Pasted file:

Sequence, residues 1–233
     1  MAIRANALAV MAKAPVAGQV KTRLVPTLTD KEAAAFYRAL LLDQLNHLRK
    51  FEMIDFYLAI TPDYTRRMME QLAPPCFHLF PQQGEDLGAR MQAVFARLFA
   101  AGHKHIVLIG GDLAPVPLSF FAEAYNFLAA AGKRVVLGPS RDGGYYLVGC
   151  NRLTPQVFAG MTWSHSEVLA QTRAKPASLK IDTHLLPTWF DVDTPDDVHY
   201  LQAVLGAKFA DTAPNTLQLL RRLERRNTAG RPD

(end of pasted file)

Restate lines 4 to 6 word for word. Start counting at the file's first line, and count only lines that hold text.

   101  AGHKHIVLIG GDLAPVPLSF FAEAYNFLAA AGKRVVLGPS RDGGYYLVGC
   151  NRLTPQVFAG MTWSHSEVLA QTRAKPASLK IDTHLLPTWF DVDTPDDVHY
   201  LQAVLGAKFA DTAPNTLQLL RRLERRNTAG RPD